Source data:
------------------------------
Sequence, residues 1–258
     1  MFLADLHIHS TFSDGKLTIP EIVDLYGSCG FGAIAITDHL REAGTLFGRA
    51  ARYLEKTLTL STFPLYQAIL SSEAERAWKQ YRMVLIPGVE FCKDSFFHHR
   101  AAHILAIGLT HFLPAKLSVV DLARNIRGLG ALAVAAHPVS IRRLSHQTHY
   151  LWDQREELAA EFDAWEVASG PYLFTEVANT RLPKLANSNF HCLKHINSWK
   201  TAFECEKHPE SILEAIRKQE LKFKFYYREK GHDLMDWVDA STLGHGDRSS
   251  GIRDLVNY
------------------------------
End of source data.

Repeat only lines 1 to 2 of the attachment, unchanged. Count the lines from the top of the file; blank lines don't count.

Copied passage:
Sequence, residues 1–258
     1  MFLADLHIHS TFSDGKLTIP EIVDLYGSCG FGAIAITDHL REAGTLFGRA